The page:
Grindr declined to comment. CFIUS and Kunlun did not respond to requests for comment.
Reuters did not learn what the specific issues raised by CFIUS were, but the US government is concerned that Chinese companies could help the Chinese government spy on users. Grindr has access to particularly sensitive user data, including sexual orientation, geolocation and HIV status. This is a potential gold mine for master singers, but it may not be the only concern of the agency.
Governments are increasingly concerned about how adversaries can use the data, said Brett Bruen, former director of global engagement at the White House, who now heads the consulting firm Global Situation Room. "The data is the new frontier in spying and exploiting weaknesses, whether they are individuals or institutions," he said. "Any technology company, whether it's an LGBTQ dating application or a commercial site, is a rich and focused environment." He said the US government and other governments "will take more aggressive action." to protect their citizens and national security.
Timothy P. O. Toole, a lawyer who deals with CFIUS cases at the Miller & Chevalier law firm in Washington, agrees. He says that although CFIUS forces companies to unwind an unusual agreement, it's not uncommon. Toole adds that what is most surprising is that Kunlun apparently did not try to clear the deal with CFIUS in advance. "I think it may be the beginning of a trend," he says. "As more and more prestigious cases come to light, I think we will see the committee come back more often to cancel agreements.
Foreign investment aside, Grindr's handling of confidential confidential data has been a concern. Cable reported in 2016, security researchers could discover the location of Grindr users and similar applications. Last year BuzzFeed reported that Grindr shared the HIV status of users with other companies (Grindr said that he had stopped doing so). Senators Edward J. Markey (Massachusetts) and Richard Blumenthal (American Connecticut) sent letter Kunlun CEO Zhou Yahui informed him of Grindr's privacy practices.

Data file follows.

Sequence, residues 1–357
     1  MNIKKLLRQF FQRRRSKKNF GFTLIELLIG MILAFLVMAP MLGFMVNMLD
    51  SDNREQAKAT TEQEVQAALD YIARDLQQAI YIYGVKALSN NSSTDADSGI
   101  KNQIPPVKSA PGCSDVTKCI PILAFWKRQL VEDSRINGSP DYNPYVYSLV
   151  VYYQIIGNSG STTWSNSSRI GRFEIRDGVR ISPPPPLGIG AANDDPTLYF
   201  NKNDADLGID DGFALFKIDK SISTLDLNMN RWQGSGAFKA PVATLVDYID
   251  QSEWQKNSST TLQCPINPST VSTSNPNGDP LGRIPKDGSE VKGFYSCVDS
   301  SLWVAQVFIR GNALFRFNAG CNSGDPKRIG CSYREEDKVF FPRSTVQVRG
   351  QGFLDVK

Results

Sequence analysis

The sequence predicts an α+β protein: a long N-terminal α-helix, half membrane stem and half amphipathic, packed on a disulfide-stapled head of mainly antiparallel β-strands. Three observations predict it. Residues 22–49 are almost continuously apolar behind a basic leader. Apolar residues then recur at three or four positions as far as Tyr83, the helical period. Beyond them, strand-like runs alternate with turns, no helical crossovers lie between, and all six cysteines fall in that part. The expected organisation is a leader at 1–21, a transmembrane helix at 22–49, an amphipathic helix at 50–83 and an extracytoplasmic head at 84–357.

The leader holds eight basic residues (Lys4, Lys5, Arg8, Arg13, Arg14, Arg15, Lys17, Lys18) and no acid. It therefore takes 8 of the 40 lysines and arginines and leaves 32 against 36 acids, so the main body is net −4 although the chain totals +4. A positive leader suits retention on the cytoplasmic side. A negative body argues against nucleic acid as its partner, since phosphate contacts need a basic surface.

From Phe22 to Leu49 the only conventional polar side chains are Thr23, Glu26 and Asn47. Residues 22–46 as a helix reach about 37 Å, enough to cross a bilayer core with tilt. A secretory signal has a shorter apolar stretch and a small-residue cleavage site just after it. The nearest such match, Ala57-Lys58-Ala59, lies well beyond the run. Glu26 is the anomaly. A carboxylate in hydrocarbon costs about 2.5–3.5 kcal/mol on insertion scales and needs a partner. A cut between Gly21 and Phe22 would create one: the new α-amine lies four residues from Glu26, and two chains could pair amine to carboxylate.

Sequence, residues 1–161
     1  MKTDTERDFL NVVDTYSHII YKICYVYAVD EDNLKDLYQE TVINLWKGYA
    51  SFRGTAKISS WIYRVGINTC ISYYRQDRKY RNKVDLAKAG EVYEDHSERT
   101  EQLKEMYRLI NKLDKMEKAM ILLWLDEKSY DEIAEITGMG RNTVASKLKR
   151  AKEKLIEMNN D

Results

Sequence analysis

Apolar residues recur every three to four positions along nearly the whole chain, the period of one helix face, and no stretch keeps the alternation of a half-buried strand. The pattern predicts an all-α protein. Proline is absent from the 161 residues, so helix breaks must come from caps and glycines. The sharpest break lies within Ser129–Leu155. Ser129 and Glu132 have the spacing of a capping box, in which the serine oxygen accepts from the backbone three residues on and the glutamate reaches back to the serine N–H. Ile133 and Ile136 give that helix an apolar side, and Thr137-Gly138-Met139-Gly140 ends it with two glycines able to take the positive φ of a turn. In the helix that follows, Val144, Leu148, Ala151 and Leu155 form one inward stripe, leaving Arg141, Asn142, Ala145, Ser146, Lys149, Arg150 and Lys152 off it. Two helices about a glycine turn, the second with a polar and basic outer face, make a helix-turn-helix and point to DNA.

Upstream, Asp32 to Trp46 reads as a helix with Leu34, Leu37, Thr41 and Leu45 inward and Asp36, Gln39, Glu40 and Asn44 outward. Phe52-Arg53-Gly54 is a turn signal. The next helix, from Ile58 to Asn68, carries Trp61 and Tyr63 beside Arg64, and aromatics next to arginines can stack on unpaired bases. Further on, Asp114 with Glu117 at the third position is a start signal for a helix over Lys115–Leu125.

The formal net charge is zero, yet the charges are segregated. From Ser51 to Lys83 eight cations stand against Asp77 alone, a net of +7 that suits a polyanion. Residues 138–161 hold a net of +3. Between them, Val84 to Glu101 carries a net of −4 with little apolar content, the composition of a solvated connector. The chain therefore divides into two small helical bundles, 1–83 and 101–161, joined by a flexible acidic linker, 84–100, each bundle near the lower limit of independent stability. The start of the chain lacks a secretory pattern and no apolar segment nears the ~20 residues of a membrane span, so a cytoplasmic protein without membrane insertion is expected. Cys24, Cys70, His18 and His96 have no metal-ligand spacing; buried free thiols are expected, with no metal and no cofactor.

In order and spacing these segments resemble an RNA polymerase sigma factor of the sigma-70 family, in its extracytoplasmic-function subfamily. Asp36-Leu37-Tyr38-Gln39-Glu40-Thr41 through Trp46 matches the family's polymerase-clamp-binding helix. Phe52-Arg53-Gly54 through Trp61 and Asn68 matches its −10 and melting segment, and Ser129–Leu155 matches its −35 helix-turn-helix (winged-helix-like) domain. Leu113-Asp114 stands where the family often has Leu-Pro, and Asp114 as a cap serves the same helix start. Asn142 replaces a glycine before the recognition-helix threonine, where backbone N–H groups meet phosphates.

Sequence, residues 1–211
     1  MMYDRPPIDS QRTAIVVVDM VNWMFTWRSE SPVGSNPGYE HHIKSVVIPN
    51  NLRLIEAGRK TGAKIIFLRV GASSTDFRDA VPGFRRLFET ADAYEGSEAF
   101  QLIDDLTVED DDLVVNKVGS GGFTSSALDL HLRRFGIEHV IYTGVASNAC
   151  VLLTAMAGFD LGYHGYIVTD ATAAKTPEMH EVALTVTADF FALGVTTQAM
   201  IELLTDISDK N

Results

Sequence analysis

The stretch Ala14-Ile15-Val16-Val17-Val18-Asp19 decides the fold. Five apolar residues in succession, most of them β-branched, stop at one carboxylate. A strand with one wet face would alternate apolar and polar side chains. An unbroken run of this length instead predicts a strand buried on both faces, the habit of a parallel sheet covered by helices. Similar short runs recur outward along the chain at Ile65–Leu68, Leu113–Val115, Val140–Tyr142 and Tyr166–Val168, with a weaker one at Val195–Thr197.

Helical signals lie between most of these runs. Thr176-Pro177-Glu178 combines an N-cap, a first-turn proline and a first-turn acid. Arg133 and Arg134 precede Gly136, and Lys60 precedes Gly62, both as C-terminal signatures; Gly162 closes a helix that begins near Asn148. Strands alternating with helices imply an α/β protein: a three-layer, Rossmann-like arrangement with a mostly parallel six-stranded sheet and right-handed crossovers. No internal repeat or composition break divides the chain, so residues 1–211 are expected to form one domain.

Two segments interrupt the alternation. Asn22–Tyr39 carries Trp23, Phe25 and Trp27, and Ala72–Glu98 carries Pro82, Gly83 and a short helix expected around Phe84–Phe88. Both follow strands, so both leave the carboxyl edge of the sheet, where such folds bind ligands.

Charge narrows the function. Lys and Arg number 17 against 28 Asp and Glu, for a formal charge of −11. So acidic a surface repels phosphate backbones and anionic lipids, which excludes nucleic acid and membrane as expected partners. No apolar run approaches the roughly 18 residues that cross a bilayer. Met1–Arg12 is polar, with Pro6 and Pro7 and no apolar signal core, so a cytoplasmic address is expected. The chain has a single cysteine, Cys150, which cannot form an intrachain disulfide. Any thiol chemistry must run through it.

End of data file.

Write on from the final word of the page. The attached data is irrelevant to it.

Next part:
Chinese companies have expanded their presence in the US social media and technology market. For example, the popular video sharing app TikTok Belongs to the Beijing-based company, Bytedance, and Chinese tech giant Tencent has invested $ 150 million in Reddit earlier this year. (The majority shareholder of Reddit is Advance Publications, which is also owner of WIRED publisher, Count Nast).
Meanwhile, regulatory maneuvers have become a front in the trade war between the United States and China. Last year, CFIUS blocked the sale of the MoneyGram money transfer service to Ant Financial, a company owned by Alibaba and its CEO, Jack Ma, and China. sabotaged Qualcomm's efforts to acquire Netherlands chip maker NXP. Sometimes the logic behind these decisions may be obscure. for example CFIUS has prevented Singapore-based chips maker Broadcom from acquiring Qualcomm Last year, asserting that consolidation of the semiconductor industry could help Chinese companies such as Huawei, even if China had nothing to do with this agreement.
The new service, called Apple News + (pronounced "plus"), will be integrated with the current Apple News application. At present, the News app has three tabs at the bottom: Today, Morning Digest and Channel. With an iOS update and macOS, which will be released today, it will change to say today, News + and following. Today 's day is devoted to the news of the day. The following information refers to the media and categories followed by users, and News + is the subscription service.